If a father paid for his son’s house when the latter got married, and did this without stipulating that this money would ever need to be paid back, would there be any halachic basis for the father’s claim several decades later that the son must pay him back the amount the house cost? Thanks.
Under the circumstances (unless there are missing details), it would not be possible for a father to claim back the cost of the house.
Although we find in the Gemara and subsequently in halachah (see Choshen Miahpat 264:5) that a person who does a “favor” to his friend can later claim payment for it, this is only true where it is not clear that the “favor” was given as a gift.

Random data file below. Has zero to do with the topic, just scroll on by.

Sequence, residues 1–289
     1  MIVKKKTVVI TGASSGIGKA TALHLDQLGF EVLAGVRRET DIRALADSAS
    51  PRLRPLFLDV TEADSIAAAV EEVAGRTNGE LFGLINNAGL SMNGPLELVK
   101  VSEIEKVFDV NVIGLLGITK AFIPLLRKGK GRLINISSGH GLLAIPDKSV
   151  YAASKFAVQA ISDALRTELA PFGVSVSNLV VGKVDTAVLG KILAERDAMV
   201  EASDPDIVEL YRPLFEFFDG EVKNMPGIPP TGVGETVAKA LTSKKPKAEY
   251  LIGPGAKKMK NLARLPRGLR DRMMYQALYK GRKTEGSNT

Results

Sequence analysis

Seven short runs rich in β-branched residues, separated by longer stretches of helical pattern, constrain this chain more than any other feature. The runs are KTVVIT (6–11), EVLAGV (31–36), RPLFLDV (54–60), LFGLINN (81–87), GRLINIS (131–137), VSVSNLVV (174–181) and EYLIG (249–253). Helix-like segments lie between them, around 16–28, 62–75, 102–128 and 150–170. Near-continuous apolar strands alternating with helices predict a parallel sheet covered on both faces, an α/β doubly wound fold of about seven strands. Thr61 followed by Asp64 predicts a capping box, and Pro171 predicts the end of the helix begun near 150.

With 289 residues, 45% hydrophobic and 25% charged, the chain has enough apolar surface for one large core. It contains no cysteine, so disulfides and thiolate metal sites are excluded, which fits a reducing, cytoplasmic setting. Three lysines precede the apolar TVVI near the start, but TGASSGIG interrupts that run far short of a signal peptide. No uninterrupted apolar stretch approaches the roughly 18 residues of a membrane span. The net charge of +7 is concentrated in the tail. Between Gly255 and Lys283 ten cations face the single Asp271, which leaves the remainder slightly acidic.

In the case of a house for one’s son, the normal way of the world is that it is given as a gift, and that barring any stipulation, the father will not be able to claim it as his own or to claim payment for it. The passing of 30 years without saying anything certainly strengthens this assumption. Therefore the father will not be able to claim back the money.
Of course, the place to sort out monetary claims is in Beis Din, and the answer is given as advice alone.